I woke up to temperatures below zero again. My face hurt from the blast of cold air as I walked into the yard to take the kids to school, but I forced myself to see the ground that would soon thaw and the plants that would come to life again in the spring. I long for warm temperatures, but I also miss the color that winter hides. I miss puttering around in my yard too. I started to think of the vegetables my kids and I could place in the raised bed, and then I got excited about the black raspberries that would emerge for a few weeks in July. I became happy by the thought of my perfectly manicured, weed-free lawn. And then I thought of the promise I made to my daughter last summer. This year we will start a butterfly garden in a corner of the yard.
Fussing over garden beds and edging is a hobby of mine—fine, it’s also a bit of an obsession. Having OCD does contribute to the intensity of my obsession over a perfect lawn, but I sincerely enjoy the aesthetics of a thick, green lawn and mulched flower beds. But because I also love the environment and the planet we live on, I use as many chemical-free options as I can to keep out pests and weeds. I use natural pesticides or manual labor to pull invasive plants, but when my daughter saw me pop a dandelion out of the yard by its roots she commented that I was taking food away from the pollinators. Fuck.
Dandelions are often the only food source for early season pollinators like butterflies. I may not have been using toxins, but I was still contributing to the decline of helpful insects that are literally fueling our world.
According to a February 2019 study, over 40% of insect species are declining and are at risk for becoming extinct. This is terrifying and even at the age of nine my daughter knows it too. She doesn’t see dandelions as weeds or insects like bees as pests; she sees them as food and the powerful pollinators they are.
Pollinators move pollen from the male part of a flower to the female part. A fertilized flower will become seed, and then the food around said seed. Domestic honey bees, for example, are responsible for pollinating $19 billion worth of crops each year in the United States. Butterflies, moths, and birds fertilize 75% of flowering plants, AKA our food. Habitat loss is a significant contributor to the decline of pollinators. Adding a butterfly garden is a great way to combat this loss. And for me, it was also a self-serving compromise to create space for pollinators without keeping weeds in my yard.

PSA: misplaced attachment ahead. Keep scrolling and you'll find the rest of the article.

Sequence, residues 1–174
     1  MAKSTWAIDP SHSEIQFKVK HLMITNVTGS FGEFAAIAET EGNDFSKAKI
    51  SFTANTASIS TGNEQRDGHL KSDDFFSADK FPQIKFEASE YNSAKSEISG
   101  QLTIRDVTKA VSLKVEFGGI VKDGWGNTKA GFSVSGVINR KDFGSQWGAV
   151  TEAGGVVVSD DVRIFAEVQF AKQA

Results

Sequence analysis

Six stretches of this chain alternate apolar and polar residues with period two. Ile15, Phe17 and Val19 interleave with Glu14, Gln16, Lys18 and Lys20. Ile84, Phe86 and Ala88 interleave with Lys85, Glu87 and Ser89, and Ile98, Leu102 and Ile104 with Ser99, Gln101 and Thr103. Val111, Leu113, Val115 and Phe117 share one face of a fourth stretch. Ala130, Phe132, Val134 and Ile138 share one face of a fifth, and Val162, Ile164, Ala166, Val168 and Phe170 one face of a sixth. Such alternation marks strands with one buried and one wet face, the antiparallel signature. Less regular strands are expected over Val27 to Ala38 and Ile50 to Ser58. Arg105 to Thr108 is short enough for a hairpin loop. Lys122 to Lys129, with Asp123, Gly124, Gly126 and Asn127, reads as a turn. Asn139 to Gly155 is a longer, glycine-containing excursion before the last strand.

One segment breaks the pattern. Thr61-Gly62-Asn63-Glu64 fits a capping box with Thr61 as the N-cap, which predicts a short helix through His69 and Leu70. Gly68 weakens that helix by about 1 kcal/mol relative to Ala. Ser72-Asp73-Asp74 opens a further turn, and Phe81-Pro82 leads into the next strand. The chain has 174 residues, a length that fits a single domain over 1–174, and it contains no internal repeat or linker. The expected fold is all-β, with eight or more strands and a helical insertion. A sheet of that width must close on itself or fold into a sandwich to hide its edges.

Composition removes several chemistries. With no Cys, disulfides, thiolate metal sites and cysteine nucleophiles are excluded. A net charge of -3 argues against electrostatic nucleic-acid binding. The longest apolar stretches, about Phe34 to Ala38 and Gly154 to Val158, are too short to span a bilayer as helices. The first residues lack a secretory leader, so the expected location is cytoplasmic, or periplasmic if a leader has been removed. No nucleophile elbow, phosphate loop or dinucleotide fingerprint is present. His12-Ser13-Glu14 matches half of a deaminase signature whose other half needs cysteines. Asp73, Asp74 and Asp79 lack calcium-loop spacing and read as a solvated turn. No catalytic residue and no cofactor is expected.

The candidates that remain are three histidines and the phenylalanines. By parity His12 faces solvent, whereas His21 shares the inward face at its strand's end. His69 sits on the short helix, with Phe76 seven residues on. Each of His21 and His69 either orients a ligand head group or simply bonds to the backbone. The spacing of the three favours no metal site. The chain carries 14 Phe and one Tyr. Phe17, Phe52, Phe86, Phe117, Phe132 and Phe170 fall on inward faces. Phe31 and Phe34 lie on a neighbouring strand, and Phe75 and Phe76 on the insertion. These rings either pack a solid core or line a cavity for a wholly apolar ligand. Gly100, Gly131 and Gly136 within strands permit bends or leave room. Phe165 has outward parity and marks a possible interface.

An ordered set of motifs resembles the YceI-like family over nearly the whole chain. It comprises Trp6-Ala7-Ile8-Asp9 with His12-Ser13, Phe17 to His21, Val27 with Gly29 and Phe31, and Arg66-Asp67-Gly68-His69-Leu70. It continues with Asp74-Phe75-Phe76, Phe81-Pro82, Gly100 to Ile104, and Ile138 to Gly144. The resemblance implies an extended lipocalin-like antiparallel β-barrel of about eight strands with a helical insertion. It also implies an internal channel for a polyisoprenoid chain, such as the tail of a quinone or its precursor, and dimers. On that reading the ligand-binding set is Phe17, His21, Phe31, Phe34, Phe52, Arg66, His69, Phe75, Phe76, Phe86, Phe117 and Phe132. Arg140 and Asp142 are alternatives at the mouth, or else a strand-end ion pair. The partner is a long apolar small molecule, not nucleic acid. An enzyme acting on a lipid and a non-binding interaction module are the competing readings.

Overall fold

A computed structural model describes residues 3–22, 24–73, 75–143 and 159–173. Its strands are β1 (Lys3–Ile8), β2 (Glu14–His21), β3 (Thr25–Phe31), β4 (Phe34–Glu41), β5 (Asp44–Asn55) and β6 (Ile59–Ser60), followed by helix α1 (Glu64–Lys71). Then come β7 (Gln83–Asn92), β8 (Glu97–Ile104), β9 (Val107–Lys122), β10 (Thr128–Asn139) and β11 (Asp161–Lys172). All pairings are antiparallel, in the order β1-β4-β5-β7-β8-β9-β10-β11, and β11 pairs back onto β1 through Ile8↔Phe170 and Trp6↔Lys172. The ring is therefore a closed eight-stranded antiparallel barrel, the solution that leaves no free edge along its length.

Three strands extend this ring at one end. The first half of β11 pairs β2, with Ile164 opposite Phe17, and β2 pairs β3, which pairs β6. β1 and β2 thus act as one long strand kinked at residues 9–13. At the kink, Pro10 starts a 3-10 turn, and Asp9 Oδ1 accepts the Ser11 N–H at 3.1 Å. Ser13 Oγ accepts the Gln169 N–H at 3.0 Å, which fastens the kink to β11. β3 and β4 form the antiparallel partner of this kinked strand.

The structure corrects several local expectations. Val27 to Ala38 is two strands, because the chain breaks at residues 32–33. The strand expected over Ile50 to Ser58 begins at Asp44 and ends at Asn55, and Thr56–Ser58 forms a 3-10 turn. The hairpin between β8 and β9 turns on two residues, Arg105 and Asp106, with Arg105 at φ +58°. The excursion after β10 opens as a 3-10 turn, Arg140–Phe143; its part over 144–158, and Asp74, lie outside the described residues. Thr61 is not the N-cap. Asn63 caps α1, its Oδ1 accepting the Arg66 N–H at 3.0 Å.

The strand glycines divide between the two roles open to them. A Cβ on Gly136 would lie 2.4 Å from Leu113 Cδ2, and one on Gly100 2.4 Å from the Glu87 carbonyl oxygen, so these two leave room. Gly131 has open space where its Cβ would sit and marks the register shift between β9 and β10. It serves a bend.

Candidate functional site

You don’t need a big space or suburban home to get started, but you do need a plan. Butterflies are attracted to red, purple, orange, and yellow flowers. But before you make selections based on those colors, check to see what flowers are native to your area. Native butterflies will be more attracted to gardens with native plants, and non-native plants could actually hurt butterflies and other local pollinators. Another thing to keep in mind is that you will need to plant your seeds or transplant established root systems in areas that receive a lot of sun. Full sun for at least half of the day is best.
Keep in mind too that a butterfly garden isn’t meant to just attract butterflies; it is to support the entire life cycle of a butterfly. Before they can feed on the nectar of the wildflowers you have in your garden, they need host plants where they can lay their eggs and then pupate. To refresh your kindergarten science lesson: butterflies start out as eggs, hatch into larva (caterpillars), and then form into pupa (chrysalis or cocoon) before emerging as beautiful butterflies. Join me in geeking out over this video my kid showed me. A fat caterpillar chills in its own goo then grows wings and flies off as a gorgeous butterfly? Come on now.
Milkweed and parsley are good examples of host plants that will support eggs and hungry caterpillars. Adding flat rocks and corners of shade will allow butterflies to sun and cool themselves as needed. A bird bath, small fountain, or even pockets for water give butterflies the water they need too. Think of your garden as an all-inclusive resort where pollinators can come to eat, rest, and socialize.
And don’t forget to get your kids involved. We are saving the planet for them and future generations, after all. Let your kids help you decide what flowers to grow and give them small jobs like weeding (though flowering weeds can stay!) or watering as needed. Paint rocks or garden gnomes to give your garden a personal touch. Remind them that the bees that make their way to the butterfly garden are welcome too—bees are interested in the flowers, not us (unless we disturb them). And most importantly, show your kids what a difference they can make by a few thoughtful and beautiful actions.
We need pollinators. Turning a corner of your yard into a butterfly garden will attract other pollinators like moths and hummingbirds, will help sustain biodiversity, and it’s a fun and low-maintenance project to do with the kids. If you plan it accordingly you can reduce the amount of grass you have to mow, which also helps the environment because you are using less gas to power your mower and less water to keep your grass green. Some homeowners’ associations may not appreciate a big, overgrown wildflower section of the yard, though, so be sure to check in before you get started to see if you are bound by any limitations.
Plan your garden now, build it in the spring, and watch the butterflies fly in like the planet-saving super heroes they are.